Harriet Christie, COO at MirrorWeb, a data archiving solution based in Manchester, shares her thoughts on the FINRA review on social media influencers and customer acquisition.
On July 22nd, FINRA CEO Robert Cook revealed that a sweep related to financial services influencers ‘is coming’. It eventually arrived in September, hot on the heels of the SEC requesting comment on the ‘digital engagement practices’ used by investment advisers and broker-dealers. The SEC was most interested in how tools are used that appeal to investors’ behavioural tendencies — a category which influencers arguably fall into — to affect their activities.
For the FINRA sweep, the main focus is on broker-dealer practices’ use of social media influencers, or ‘finfluencers’ for the pun enthusiasts. Specifically, the sweep focuses on the acquisition of customers through social media channels, as well as how firms supervise activities and communications related to paid influencers. FINRA declined to reveal how many firms were targeted for this exam, but it seems clear that finfluencers have been identified as a cause for concern.
The GameStop Effect
January’s GameStop saga put influencers’ conduct firmly in the spotlight. The information posted on social media forums, such as Reddit, encouraged users to invest and led to ‘meme-stocks’ prices climbing rapidly. These stocks included GameStop, Nokia, Blackberry and AMC Entertainment, with the GameStop share prices soaring over 1000% in just a fortnight. This ruffled the feathers of institutional advisers, and demonstrated not only how impactful influencers could be, but also the volatility and vulnerability of the market.
The insurer MassMutual was subsequently ordered to pay a $4 million fine as part of a settlement with Massachusetts regulators. The settlement involved the conduct of Keith Gill, a former employee and online trader known as “Roaring Kitty”. Gill’s alias achieved viral notoriety, and was highly successful in its mission to boost the share prices in question. The state regulator ruled that the firm failed to detect the activities of their trader, who promoted the stock in his spare time while he was working at the company. MassMutual accepted the charges in order to put the matter behind them and agreed to a complete overhaul of their social media policies.
MassMutual may well have been penalised over the odds in the midst of a national scandal, but their sanction demonstrates the responsibility that businesses must take for their employees’ conduct online. Although staff were prohibited from discussing securities on social media, the regulator decreed that MassMutual ‘didn’t have reasonable policies and procedures in place to detect and monitor’ such activity. Firms need to be able to demonstrate these processes, and pleas of ignorance seemingly won’t be deemed acceptable. In this situation, a social media eDiscovery solution would have saved the business a great deal of time and money.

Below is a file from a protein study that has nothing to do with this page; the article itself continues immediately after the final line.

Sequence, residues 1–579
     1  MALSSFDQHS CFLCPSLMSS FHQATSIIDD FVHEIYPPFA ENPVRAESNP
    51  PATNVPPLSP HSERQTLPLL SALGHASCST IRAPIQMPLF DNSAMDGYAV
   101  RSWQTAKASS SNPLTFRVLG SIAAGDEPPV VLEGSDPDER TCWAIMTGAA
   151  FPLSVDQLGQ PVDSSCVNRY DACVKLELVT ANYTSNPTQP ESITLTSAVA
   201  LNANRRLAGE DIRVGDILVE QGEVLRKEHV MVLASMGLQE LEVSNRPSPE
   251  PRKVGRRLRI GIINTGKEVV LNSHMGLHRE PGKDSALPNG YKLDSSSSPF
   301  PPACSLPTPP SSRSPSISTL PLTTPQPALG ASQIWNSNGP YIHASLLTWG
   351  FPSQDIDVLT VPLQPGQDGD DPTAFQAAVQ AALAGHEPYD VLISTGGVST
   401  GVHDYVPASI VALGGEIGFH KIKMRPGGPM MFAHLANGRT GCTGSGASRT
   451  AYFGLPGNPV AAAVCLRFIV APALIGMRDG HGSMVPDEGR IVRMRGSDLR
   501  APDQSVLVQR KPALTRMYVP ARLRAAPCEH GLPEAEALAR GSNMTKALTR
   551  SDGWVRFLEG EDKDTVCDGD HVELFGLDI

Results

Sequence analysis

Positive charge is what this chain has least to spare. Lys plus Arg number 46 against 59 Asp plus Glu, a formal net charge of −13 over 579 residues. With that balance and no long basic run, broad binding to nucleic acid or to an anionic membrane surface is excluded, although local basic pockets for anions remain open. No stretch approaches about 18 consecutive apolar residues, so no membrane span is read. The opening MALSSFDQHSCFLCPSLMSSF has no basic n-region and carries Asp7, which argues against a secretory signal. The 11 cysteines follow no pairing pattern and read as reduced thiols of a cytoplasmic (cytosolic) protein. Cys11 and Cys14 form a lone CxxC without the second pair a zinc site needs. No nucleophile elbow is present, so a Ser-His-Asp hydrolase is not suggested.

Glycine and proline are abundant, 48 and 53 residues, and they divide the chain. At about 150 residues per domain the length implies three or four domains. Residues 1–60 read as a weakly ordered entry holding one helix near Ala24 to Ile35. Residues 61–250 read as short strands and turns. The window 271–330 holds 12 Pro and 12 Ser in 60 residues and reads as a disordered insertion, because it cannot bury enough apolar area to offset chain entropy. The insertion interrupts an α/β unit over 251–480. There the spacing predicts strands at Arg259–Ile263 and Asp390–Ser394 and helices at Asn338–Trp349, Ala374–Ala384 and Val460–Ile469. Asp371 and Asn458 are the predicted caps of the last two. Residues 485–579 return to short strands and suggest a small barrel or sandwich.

For most of us, a social media influencer is somebody that has built a reputation, either through fame or for their knowledge and expertise on a specific topic, and that many people therefore pay attention to. They post regularly on their preferred channels, and as such are able to generate exposure to different (often larger) audiences than a brand’s own.
The broadness of FINRA’s own definition poses some problems. By their reckoning, ‘social media influencers’ or ‘influencers’ mean ‘any third party with whom the firm contracts or compensates to provide Social Media Communications’. External communications agencies would surely fall into this category, and their role and ethos are completely different to that of a typical influencer, with one key distinction being that of the audience that they communicate with.
Agencies operate on a brand’s behalf. They learn (or even dictate) the brand’s messaging, interact with their existing followers, and wear their mask. Influencers on the other hand typically comment from an outside perspective, bringing in additional exposure and a seal of approval. To come back to GameStop, this could include endorsements to, as an influential example, the Reddit chatroom ‘r/wallstreetbets’, which boasts 4.8 million members and has become a symbol of the charge against the titans of Wall Street.
If, as it sounds, FINRA are including external agencies in their definition of social media influencers, it isn’t necessarily a game-changer in terms of compliance procedure; agencies tend to use brands’ own social media profiles anyway. What it does do, however, is highlight the necessity to capture all of a business’ social media communications, regardless of whether or not they are the ones actually posting.
Where the sweep has a larger impact is by requesting not just, ‘(1) any Social Media Communications posted by the firm on the Influencer’s social media account(s)’ but ‘(2) any Social Media Communications the Influencer posted on any social media platform about the firm’. This puts the onus on businesses to keep a record of all influencers’ social media output relevant to their brand, which could cause logistical difficulties around privacy and ownership of data, but nevertheless will need to happen for such relationships to be deemed viable.
How to Remain Compliant
Social media channels are ephemeral. While records may be accessible back to any date on the platforms themselves, these posts are not stored immutably – they can be deleted or edited retrospectively. Archiving is the most effective way to preserve your social media data, ensuring that nothing is missed in the event of such sweeps, which are coming with greater frequency and increasing demands on the information requested.
With new regulations on the horizon, this time around influencer communications, it’s become apparent that preserving all of your data is the safest option, as the scope for regulatory infraction continues to expand.